The ADB and Cambodia Are Finalizing a COVID-19 Strategy

Boats travel along the Mekong River in front of high-rise properties and under-construction buildings in Phnom Penh on May 12, 2020. (Photo: AFP)

The $250 million loan program is to cover businesses as well as individuals in need 

PHNOM PENH—The Asian Development Bank (ADB) is working with the Cambodian government to finalize details of a $250 million program in response to the pandemic, which would be funded through an ADB loan, ADB Country Director Sunniya Durrani-Jamal said on May 20. 

The COVID-19 Pandemic Response Option loan will, she said, “include credit support for MSMEs [micro, small, and medium enterprises], as well as income support for the poorest families in Cambodia, including people working in the informal sector who are facing economic hardships.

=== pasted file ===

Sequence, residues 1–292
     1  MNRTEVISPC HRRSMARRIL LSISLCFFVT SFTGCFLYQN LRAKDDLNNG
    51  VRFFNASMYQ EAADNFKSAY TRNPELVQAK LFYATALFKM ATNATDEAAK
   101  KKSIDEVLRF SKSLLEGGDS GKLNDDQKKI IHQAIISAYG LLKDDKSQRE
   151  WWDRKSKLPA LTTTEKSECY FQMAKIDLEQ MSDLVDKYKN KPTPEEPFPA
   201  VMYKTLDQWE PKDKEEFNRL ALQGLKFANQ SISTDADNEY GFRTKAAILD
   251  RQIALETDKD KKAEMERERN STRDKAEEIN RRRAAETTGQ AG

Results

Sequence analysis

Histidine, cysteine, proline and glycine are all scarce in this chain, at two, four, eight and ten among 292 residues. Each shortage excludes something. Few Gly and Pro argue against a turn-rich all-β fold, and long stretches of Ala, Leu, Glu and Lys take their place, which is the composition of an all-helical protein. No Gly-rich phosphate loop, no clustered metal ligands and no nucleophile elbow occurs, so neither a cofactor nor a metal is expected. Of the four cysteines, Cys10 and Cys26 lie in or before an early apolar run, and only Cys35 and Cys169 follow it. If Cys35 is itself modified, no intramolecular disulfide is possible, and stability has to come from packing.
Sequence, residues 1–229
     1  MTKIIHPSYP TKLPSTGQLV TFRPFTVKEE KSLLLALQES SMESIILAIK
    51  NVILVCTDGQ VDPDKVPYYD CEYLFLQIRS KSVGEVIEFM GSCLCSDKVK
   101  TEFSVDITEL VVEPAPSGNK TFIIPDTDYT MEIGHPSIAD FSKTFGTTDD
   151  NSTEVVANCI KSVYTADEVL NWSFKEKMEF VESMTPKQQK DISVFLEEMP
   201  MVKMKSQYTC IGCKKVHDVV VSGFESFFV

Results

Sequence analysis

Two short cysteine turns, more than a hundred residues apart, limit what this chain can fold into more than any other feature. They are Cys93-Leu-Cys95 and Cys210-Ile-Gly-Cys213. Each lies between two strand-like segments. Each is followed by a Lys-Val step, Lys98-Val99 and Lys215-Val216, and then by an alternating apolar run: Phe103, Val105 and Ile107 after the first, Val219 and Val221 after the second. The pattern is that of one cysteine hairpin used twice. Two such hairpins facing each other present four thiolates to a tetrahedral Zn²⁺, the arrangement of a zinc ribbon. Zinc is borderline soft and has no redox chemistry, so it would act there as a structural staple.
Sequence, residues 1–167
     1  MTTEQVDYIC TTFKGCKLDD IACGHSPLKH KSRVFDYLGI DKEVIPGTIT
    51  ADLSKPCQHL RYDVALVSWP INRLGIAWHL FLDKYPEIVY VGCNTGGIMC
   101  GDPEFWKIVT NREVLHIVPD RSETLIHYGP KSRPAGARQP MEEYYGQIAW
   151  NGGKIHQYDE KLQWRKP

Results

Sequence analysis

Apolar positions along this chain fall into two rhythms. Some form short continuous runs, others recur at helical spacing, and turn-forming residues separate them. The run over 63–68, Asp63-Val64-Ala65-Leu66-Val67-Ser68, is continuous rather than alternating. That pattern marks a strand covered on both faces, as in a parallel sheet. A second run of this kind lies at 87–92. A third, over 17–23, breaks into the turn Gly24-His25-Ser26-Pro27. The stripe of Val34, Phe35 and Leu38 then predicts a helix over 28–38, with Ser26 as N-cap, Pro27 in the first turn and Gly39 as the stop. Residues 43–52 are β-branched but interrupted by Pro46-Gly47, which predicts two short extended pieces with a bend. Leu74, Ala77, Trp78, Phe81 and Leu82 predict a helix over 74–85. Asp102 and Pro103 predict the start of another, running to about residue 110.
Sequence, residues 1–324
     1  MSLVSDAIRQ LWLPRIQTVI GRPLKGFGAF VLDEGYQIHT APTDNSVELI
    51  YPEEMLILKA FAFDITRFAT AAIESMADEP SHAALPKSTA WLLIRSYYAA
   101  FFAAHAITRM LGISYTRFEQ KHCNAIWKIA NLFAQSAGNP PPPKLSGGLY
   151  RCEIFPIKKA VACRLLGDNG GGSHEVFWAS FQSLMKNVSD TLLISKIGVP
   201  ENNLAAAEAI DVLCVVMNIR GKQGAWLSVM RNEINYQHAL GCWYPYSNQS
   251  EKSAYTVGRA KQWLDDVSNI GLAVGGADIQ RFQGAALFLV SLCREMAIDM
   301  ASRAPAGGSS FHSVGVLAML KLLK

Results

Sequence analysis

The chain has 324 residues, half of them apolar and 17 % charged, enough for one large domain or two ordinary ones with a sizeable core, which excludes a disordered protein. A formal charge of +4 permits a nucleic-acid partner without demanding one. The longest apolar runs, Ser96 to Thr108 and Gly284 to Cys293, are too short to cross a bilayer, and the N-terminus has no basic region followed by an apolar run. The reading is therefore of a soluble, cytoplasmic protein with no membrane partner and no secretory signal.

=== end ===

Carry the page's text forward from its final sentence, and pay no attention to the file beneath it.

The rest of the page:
“To promote local business activity, ADB regularly advocates for simplifying business registration and tax filing, improving financial literacy and enhancing financial management in its policy discussions with the government, private sector banks and non-bank financial institutions,” Durrani-Jamal said in an email interview. 

The pandemic has caused some delays in ADB’s projects and program implementations, particularly in March and April, Durrani-Jamal said, adding that the setbacks would not affect them. 

‘Now, implementation of those projects and programs are almost back to normal,” she said. “In terms of funding, there is no cut.”

Under the 2019-2023 ADB Cambodia Country Partnership Strategy, the ADB has committed loans, grants and technical assistance for a plethora of sectors. And this will continue as agreed despite the pandemic, Durrani-Jamal said. 

Regarding the COVID-19 Pandemic Response Option loan, she said, “[t]hese initiatives aim to improve the access to and the quality of services for Cambodians, as well as improving the business environment, which is now much needed following the COVID-19 shock and the severe decline in Cambodia’s GDP.”

The country’s main priority should be to continue containing the virus, Durrani-Jamal said, “[w]ithout which recovery of the tourism, services and manufacturing sectors will be difficult.” 





 

 


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